Tuesday, January 10, 2017

Maximizing Google Search Part 3 - Using Advanced Search Techniques

Google Search uses functions what called “operators”, which basically means terms that help you to narrow down your search to specific files, or reduce the irrelevant “noise” in your search. Operators help you narrow your focus more specifically. Access videos from the links below. The ideas in this post come from the free, self-paced course Power Searching. (there is also Advanced Power Searching) 

site:
This operator allows you to narrow your search to something within a specific web site. For example, [site:historychannel.com Genghis Khan] will take you to all the links in the History Channel that have Genghis Khan. This can be done for sites such as [.gov] [.edu] Be certain to keep these things in mind:

  • No space between the colon and site
  • You can use country codes to narrow your search, such as [.jp] or [.ca] for Japanese and Canadian sites, respectively.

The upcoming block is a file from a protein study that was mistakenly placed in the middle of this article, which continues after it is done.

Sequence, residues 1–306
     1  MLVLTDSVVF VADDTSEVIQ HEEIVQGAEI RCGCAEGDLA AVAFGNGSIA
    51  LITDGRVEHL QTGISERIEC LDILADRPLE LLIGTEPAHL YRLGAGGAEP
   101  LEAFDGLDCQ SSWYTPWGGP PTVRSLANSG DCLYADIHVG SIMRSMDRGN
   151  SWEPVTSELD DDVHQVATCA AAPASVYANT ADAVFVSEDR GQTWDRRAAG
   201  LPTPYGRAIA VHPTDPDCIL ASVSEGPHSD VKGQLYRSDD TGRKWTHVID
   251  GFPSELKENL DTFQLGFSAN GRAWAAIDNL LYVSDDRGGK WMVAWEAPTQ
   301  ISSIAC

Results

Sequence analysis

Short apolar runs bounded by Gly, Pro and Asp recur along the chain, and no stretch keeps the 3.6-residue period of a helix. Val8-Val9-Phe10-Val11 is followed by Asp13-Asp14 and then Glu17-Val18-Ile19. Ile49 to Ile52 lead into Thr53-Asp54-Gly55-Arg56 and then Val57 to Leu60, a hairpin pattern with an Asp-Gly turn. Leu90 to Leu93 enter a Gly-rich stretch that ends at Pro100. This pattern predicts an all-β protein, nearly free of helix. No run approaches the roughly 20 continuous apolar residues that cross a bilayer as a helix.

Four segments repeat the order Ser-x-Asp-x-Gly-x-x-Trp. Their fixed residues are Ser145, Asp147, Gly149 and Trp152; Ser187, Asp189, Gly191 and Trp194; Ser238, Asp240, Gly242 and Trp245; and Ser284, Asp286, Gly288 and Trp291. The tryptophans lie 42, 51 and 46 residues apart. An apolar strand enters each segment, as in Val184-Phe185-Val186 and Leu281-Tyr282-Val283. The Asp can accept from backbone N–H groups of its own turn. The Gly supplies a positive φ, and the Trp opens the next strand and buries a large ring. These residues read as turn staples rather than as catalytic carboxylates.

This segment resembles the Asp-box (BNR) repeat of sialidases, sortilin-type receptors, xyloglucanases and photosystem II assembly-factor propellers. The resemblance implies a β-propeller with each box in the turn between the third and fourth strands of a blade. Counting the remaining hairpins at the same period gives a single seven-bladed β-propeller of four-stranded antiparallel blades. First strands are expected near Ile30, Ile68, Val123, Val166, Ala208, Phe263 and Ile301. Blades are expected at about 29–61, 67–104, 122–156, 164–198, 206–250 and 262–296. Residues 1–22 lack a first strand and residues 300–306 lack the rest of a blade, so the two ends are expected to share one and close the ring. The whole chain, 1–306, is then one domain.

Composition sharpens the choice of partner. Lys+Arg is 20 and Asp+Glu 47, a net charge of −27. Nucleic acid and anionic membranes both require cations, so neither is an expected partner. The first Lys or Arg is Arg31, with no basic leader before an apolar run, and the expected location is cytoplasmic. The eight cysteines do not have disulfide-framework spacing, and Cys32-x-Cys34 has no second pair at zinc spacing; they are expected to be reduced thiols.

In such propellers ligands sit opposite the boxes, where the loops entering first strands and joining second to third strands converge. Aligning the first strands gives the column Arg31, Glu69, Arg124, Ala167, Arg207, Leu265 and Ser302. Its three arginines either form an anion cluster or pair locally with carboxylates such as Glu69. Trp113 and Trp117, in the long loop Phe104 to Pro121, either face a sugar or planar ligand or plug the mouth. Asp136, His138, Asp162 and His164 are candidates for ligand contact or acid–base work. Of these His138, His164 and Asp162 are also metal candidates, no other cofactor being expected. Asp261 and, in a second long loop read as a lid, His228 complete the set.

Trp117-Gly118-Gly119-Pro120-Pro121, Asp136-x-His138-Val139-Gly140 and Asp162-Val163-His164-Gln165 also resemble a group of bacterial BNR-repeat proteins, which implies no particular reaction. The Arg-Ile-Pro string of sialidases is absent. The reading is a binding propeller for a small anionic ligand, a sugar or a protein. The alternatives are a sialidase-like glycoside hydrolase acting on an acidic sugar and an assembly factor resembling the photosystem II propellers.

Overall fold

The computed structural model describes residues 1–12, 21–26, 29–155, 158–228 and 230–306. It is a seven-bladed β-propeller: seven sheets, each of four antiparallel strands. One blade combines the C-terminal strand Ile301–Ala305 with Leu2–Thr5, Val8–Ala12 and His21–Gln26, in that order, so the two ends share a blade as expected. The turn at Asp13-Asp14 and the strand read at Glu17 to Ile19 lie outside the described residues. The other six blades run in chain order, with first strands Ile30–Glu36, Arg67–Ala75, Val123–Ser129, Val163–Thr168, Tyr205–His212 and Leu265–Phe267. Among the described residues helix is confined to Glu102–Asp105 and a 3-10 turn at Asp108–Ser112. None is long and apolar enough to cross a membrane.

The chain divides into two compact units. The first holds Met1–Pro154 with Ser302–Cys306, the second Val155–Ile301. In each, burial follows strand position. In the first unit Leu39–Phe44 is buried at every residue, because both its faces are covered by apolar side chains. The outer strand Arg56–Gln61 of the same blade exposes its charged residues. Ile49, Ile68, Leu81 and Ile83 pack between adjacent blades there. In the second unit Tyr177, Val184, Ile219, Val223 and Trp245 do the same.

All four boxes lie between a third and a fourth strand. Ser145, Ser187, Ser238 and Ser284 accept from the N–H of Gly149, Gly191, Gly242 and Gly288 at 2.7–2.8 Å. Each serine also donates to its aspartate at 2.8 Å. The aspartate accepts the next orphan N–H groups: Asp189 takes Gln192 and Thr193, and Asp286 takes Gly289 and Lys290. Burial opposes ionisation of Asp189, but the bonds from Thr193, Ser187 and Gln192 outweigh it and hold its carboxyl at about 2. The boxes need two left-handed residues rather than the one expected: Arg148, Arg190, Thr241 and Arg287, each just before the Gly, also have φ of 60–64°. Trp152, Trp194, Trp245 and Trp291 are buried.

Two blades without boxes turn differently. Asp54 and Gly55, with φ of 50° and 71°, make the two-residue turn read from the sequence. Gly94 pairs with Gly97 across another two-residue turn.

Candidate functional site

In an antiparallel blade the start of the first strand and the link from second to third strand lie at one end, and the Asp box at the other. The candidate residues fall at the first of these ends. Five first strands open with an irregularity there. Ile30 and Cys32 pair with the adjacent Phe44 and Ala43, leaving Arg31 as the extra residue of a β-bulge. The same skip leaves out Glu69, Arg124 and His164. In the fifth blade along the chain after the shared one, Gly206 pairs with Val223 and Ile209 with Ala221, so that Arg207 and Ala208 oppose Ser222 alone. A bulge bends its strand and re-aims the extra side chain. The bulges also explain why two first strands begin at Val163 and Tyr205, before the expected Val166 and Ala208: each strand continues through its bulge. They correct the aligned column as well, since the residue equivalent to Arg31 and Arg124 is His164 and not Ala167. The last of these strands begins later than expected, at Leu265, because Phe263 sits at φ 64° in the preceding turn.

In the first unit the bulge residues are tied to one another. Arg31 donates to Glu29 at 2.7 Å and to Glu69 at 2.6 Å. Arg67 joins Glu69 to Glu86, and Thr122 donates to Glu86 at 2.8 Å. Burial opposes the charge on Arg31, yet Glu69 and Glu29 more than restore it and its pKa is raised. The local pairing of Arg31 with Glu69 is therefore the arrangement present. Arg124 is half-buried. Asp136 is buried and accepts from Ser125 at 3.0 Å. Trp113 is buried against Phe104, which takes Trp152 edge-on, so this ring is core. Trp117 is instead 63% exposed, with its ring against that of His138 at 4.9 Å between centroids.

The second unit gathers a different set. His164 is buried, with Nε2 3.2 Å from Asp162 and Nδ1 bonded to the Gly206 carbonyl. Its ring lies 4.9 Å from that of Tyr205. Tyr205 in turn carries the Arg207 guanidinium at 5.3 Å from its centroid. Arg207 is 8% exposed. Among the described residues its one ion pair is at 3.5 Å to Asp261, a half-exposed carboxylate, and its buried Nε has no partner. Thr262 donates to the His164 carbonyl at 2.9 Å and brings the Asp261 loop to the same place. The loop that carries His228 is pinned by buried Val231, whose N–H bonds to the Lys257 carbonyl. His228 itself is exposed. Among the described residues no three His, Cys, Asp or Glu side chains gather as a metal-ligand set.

• You don’t actually need the dot “.” For Top Level Domains, such as [edu], [gov], [co.uk], [go.ca]
  • You can do this with images as well

filetype: 
This is used to narrow your search to specific kinds of documents. Extensions such as PDF, PPT, TXT, DOC, DOCX are common, but there are many, many other extensions recognized. Try [ancient Greece document based question filetype:pdf] to get sample DBQs on Ancient Greece, but in PDF format. Use this for finding info in KML files, which bring you to Google Earth images; seek resource boundaries, watersheds, famous expeditions in history, etc. 

Removing Invasive Results (the minus sign) -term 
By simply putting a minus sign (no space) in front of a term and you’ll narrow your search. For example, if you want Napoleonic history but nothing about his life on Corsica you can use [Napoleon –Corsica] You can use double minuses to narrow your search further [Napoleon –Corsica –St.Helena]

Using Double Quotes “ “
You can seek exact phrases if you sandwich the words in quotations.

  • When searching for synonyms you can do “term” OR “term”
  • Use capital letters for OR

intext: 
When seeking a specific word or words (ie) a person, a place, a food, try the intext: feature.
After starting a search, click on the gear to the top right. It will bring you to all of these options to help you narrow your search. Be certain of the vocabulary you want to use. Words are important! For example, the query intext:ancient Rome restricts results to documents containing "ancient Rome: in the text. 

Learn more here.

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